Well, who would have thought that in an Essential Spanish course we would spend so much time on the meaning of the word ‘lo’? It’s one of those fiddly little words that give us so much trouble. In fact if we could abolish any word from Spanish that contained two letters or less, we poor English speakers would be a lot happier!
The task at hand this month is to look at the word ‘lo’ when it means ‘it’ and how it can be tacked on to the end of other words. ‘Lo’ meaning ‘it’ can stand on its own in many sentences, but they are a bit more complicated to explain, so for now we will just see how it can be linked onto the end of the infinitive of verbs. After that we will see how ‘la’, ‘los’ and ‘las’ can work in the same way, and what they mean.
In the last article we saw the following sentences:
Quiero beberlo – I want to drink it
Necesito limpiarlo – I need to clean it
Puedo verlo – I can see it
‘Lo’ here is replacing something that it already understood. Its grammatical label is a pronoun, something that goes instead of a noun. For example if we say: ‘I want to drink it’, the speaker and listener must already know what ‘it’ stands for, otherwise it doesn’t make sense. In fact the full sentence was ‘Quiero beber el vino’ – I want to drink the wine.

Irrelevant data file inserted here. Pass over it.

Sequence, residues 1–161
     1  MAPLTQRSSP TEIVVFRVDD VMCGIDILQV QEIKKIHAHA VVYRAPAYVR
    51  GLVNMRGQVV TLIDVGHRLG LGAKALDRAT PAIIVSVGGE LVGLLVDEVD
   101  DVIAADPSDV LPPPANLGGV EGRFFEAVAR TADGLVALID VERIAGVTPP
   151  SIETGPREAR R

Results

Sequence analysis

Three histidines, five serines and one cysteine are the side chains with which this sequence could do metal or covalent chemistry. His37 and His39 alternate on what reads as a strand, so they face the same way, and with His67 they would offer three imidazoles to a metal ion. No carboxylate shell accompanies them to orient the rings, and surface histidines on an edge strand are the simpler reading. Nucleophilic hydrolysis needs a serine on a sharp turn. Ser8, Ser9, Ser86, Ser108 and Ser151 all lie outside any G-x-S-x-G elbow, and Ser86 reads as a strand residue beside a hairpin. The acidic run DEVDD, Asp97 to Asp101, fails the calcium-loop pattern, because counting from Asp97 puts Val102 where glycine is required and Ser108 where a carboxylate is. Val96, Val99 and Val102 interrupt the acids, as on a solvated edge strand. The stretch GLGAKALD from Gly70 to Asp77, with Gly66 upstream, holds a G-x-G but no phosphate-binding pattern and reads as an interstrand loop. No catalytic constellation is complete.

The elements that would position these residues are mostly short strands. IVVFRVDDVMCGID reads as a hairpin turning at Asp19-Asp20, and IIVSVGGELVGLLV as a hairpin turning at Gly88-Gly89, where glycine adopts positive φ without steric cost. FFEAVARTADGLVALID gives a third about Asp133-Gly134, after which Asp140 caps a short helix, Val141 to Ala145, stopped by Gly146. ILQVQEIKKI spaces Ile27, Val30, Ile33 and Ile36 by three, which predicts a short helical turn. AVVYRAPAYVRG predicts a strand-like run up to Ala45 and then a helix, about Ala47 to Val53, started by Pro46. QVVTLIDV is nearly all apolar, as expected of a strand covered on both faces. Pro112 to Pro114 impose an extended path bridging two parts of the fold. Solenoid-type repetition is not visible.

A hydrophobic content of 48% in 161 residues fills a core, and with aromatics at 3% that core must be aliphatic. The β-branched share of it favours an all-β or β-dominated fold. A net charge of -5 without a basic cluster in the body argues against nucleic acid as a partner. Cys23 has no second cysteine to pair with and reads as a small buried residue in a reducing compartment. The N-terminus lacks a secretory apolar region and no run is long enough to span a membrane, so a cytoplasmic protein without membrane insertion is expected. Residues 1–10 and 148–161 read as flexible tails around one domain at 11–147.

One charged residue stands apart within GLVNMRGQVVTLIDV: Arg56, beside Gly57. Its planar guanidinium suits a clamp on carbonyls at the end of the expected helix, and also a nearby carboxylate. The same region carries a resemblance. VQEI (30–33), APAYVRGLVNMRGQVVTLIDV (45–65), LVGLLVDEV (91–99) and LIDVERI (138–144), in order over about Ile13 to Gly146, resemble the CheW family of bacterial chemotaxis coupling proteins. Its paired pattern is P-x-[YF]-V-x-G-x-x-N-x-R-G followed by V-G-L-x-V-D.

What I haven’t yet told you is that ‘lo’ in fact refers to things that are masculine and singular (here we go again!). ‘El vino’ is a masculine singular word, which is why ‘lo’ is the correct pronoun to replace it.
If we wish to say ‘it’ about something that is feminine and singular, we use the word ‘la’. Here are two examples which should make this clear:
Voy a cocinar la tortilla – I’m going to cook the tortilla
Voy a cocinarla – I’m going to cook it
No puedo cerrar la ventana – I can’t close the window
No puedo cerrarla – I can’t close it
To complete this tale, we can now look briefly at how to make the plural of ‘it’; that is ‘them’, using ‘los’ when referring to masculine plural and ‘las’ for feminine plural. Again clear examples ought to do the trick:
Me gusta ver las películas – I like watching the films
Me gusta verlas – I like watching them
¿Necesito firmar los papeles? – Do I need to sign the papers?
¿Necesito firmarlos? – Do I need to sign them?
I think that is all relatively easy to understand in theory. The big challenge of course is remembering when you’re speaking, whether what you are referring to is masculine or feminine, or even singular or plural. This actually takes all of us a very long time and we make plenty of mistakes along the way. You should never worry about this as you will always be understood by using the masculine form ‘lo’. Remember the whole point is that both speaker and listener already know what is being referred to!
Jane Cronin’s “Step by Step Spanish” articles are now available as e-books at www.janecronin.eu where you can also obtain Jane’s brand new “Step by Step Internet Spanish” course.